The Online Cult

The ever growing online community are fed with a strong presence of audience participation. But are we really happy?

I would feel much better if I could filter my entire appearance each day and recieve a hug every time I said something moderately funny instead of social media likes.

But it’s the online ‘community’ – I prefer cult– that makes us feel as though our self-worth are measured in the form of likes and positive comments.

It’s considered as ‘support’ if you press the right buttons and comment the right emojis (you know the ones: 😍πŸ”₯πŸ’―). Real support is telling your friends in person that they look lovely and asking them to their face if they’re okay instead of typing ‘inbox me babes’ in their latest online rant for the community to gawp and gossip about.

But trust me, your employers, friends, family and boyfriends/girlfriends do not care – well they might care a little bit if they feature in your profile picture -. And the reason they don’t care is because our social media-selves and our physicial-selves are two different people. One is more attractive, funnier, always says the right things, their food is perfectly represented yet untouched and the other is an actual human being.

There’s no sense of a positive community where the online world is concerned as the happiness created lasts as long as a tweet posted using the wrong your/you’re.

Advertisements

2 Comments

  1. This is an interesting concept to consider. I think it really says something about how online communities are making us look at our self-value and the way they have almost made us change the way we socialise and think.

    I think for a younger generation, who are thrown straight into this world, it could have potentially damaging effects. It could become more of a tool to alienate them, rather than provide them with the social skills needed to get by in everyday ‘real’ life.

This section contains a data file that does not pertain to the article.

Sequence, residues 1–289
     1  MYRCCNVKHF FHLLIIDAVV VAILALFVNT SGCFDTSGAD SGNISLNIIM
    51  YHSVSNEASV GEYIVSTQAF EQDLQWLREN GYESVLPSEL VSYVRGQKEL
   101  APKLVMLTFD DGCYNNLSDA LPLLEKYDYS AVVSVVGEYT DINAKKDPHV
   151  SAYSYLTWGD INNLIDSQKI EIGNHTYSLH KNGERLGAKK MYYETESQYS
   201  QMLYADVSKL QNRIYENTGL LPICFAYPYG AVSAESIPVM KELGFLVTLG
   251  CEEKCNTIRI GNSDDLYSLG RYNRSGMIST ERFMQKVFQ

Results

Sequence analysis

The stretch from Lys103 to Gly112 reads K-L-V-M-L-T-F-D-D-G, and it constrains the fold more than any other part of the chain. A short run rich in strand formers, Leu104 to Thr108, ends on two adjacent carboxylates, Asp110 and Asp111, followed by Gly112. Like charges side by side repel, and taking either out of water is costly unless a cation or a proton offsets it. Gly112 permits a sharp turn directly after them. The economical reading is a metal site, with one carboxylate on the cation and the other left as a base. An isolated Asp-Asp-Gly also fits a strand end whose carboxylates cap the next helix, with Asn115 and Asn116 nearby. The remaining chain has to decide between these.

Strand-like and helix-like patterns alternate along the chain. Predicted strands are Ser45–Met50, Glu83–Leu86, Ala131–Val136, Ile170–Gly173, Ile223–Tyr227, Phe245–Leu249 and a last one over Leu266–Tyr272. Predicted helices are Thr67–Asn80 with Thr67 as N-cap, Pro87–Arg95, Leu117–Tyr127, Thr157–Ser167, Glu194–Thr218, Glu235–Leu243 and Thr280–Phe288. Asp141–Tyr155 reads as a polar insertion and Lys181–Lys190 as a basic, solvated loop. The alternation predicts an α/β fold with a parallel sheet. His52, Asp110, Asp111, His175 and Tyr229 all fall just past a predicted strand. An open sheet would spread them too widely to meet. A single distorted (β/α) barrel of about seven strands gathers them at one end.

Liked by 1 person

  2. I agree with your post whereby online communities do create a certain illusion or fantasy if you may as a source of strength or support. But are these supports real? The hugs like you put it, are electronic hugs better than the physical real one? Personally, I feel it isn’t. As you know, we, as human enjoy and in so many ways embrace and need human contact. We are people creatures.

    However I then thought about individuals who are not what society consider a “people persons”, who are more introverted than others and have the tendency to, for whatever reason it may be, isolate themselves from the outside world. Or people who want to escape the reality of the world are people I feel who gain and receive the most benefit from the online community. Although its temporary, the online community allows us in so many ways live out and create a “better” identity for the ourselves that is better than our real self. For some cases this is a good thing, as provides the individual an outlet, somewhere where they may find a sense of belonging or distraction from problems in the real world. But for others it can potentially become dangerous if the individuals begins to really immerse themselves into the online community and completely losing track and ignoring the real world they’re actually living in.

    Liked by 1 person

Leave a Reply

Fill in your details below or click an icon to log in:

WordPress.com Logo

You are commenting using your WordPress.com account. Log Out / Change )

Twitter picture

You are commenting using your Twitter account. Log Out / Change )

Facebook photo

You are commenting using your Facebook account. Log Out / Change )

Google+ photo

You are commenting using your Google+ account. Log Out / Change )

Connecting to %s